Video By: Abid Salaam | Article By: Alankrita Anand
A group of filmmakers from Kashmir recently paid a musical tribute to popular television series Game of Thrones, also a tribute to Kashmir and its natural beauty. The video, which is being used by the state’s tourism ministry, is making waves across the internet. The six-minute long composition brings together Game of Thrones, one of the most popular examples of Western popular culture, and the rabab, one of the oldest traditions of Kashmir, and one that seems to be on the path of revival.
The rabab, as we know it today, is believed to be a newer version of the rabab mentioned in historical texts. Also known as the Kabuli Rabab, the instrument is the national instrument of Afghanistan, from where it made its way into India and was adopted by the people of Kashmir. It is believed to be the progenitor of other instruments in the subcontinent like the sarod and the sarangi. However, centuries after it was first adopted, only a handful of musicians play the instrument and are finding it difficult to keep the tradition alive.
Nazir Ahmed is a 36-year-old rabab player from Baramulla. Recounting how he came to play the instrument, he tells Community Correspondent Abid Salaam that he was intrigued by the rabab since childhood.
“Every time I saw someone play the rabab, I wanted to play it. Eventually, I learnt how to play the instrument and even learnt how to make it. My elder brother taught me how to make it”, says Ahmed.
He has now been making his own rababs, and selling them, for 10 to 12 years. It takes him around 45 days to make one rabab and each of them is sold for 10,000- 12,000 rupees, although the amount does not cover his cost of production.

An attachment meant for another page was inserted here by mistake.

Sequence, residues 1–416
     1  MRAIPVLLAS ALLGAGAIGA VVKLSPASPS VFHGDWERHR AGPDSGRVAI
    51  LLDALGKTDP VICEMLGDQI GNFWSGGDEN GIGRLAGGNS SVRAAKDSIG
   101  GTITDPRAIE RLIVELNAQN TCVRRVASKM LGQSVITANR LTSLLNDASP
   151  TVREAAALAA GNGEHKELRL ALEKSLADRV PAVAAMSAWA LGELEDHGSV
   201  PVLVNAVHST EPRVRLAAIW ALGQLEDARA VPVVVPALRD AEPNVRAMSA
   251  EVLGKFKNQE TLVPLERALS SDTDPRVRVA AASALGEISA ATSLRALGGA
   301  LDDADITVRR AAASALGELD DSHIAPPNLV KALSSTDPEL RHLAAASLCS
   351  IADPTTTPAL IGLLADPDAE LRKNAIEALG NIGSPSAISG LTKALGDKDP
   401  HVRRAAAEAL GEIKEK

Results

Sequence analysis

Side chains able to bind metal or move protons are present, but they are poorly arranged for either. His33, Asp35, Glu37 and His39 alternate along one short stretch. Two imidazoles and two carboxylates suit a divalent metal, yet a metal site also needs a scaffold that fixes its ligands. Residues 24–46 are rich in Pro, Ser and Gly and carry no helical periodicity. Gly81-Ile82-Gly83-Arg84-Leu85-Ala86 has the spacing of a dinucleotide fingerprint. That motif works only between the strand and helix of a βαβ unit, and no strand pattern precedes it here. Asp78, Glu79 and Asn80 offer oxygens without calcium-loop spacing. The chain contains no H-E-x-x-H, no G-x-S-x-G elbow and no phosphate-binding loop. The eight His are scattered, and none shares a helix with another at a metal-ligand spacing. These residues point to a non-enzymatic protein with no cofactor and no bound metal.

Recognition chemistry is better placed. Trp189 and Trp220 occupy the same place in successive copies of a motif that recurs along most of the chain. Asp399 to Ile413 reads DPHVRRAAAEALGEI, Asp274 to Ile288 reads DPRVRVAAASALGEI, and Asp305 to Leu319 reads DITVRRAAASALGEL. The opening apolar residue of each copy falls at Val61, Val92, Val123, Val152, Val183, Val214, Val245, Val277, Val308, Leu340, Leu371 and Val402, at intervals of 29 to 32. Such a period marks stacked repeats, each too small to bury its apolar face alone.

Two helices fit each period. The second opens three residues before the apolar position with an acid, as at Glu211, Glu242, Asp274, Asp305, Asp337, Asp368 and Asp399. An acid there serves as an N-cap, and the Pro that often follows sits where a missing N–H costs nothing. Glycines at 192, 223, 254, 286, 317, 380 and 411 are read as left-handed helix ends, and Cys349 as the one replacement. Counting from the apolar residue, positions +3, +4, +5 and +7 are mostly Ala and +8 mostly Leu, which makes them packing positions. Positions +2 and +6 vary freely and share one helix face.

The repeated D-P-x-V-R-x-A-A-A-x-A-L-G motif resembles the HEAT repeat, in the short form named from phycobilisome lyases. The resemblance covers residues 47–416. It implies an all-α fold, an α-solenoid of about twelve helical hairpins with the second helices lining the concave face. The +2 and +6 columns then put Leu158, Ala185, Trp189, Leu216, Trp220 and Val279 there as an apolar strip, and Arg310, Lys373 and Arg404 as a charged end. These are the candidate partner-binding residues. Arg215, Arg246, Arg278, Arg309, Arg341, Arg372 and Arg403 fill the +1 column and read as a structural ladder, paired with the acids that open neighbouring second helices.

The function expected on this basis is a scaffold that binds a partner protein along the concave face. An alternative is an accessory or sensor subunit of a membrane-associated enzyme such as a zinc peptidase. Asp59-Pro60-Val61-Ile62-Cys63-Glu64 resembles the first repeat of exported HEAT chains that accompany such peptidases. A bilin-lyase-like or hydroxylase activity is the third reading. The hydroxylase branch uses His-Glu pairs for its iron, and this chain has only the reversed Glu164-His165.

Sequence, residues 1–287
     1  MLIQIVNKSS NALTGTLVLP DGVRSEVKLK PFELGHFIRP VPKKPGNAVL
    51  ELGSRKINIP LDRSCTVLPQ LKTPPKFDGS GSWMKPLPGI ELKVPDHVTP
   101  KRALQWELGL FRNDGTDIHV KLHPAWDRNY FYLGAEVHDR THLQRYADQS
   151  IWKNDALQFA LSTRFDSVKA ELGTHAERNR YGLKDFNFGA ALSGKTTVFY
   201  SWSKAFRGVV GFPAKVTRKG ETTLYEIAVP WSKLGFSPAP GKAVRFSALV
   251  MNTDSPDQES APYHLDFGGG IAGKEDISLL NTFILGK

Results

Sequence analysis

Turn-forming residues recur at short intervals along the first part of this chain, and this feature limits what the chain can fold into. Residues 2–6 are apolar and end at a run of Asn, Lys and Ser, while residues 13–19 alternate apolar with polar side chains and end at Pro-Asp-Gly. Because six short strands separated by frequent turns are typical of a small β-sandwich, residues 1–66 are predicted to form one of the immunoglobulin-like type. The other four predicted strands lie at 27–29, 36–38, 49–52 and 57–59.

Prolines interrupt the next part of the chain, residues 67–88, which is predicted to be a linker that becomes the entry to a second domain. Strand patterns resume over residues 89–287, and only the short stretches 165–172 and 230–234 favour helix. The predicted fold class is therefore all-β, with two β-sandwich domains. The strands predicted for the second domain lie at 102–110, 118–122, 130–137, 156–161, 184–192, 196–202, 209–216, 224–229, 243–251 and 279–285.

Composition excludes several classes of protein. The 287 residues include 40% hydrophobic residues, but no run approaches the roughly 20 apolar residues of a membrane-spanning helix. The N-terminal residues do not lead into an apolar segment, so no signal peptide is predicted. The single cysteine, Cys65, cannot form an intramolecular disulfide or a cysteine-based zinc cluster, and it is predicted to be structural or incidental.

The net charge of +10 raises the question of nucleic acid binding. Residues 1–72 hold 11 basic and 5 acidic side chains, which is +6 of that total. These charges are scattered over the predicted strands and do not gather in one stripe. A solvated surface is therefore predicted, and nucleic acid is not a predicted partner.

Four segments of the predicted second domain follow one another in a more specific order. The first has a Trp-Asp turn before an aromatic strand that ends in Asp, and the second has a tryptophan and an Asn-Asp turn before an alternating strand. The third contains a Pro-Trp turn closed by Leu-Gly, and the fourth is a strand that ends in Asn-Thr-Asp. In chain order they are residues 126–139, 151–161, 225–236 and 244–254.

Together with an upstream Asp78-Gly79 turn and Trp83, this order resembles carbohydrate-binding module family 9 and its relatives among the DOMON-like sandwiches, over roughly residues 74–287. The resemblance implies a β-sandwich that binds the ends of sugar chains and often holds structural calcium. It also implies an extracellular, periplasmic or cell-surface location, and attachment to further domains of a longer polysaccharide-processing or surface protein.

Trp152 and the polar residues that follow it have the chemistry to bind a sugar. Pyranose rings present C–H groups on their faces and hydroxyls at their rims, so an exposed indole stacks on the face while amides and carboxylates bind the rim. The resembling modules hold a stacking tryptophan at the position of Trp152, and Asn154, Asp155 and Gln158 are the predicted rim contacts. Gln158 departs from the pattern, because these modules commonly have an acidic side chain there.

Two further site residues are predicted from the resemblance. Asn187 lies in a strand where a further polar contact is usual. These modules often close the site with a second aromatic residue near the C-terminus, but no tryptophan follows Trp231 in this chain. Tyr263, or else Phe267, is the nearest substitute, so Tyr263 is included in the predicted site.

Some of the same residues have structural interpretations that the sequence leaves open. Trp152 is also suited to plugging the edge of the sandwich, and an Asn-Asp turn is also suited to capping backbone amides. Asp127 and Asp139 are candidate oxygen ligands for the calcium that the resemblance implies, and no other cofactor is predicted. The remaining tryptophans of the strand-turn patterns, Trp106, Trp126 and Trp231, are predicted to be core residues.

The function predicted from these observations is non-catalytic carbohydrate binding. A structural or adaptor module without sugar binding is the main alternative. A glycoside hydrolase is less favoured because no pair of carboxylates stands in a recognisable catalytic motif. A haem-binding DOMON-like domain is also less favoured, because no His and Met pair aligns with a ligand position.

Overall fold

Explaining how the six-stringed instrument is made, he talks about the materials that are traditionally used– mulberry wood for the body, lamb gut for the strings and sheepskin for the outer lining over the wood. Steel and nylon strings, easily available in the market, are also used sometimes.
Ahmed has performed in various parts of Kashmir and in countries in West Asia and Africa and he believes that such performances are important to conserve one’s heritage. Although a recognized artist, he finds it difficult to sustain a family on the income that his profession as a rabab player brings him. Like many other rabab players in the region, Ahmed also feels that the influx of Western music has led to the decline of traditional forms. Many also feel that forms like rock and rap have given the youth the opportunity to express their politics through their music.
Nevertheless, artists like Ahmed hold on to their traditional art, leaving no stone unturned to revive it and make it flourish. Another family in Baramulla, a rabab gharana, or a family where generations of men have been practising the art, is now offering lessons through a music school. In Budgam too, Nazir Ganaie, another connoisseur of the instrument, is reaching out to young people to make the rabab popular once again.
With the right kind of support, traditional forms of music could well be here to stay and become a sustainable source of livelihood for their practitioners as well.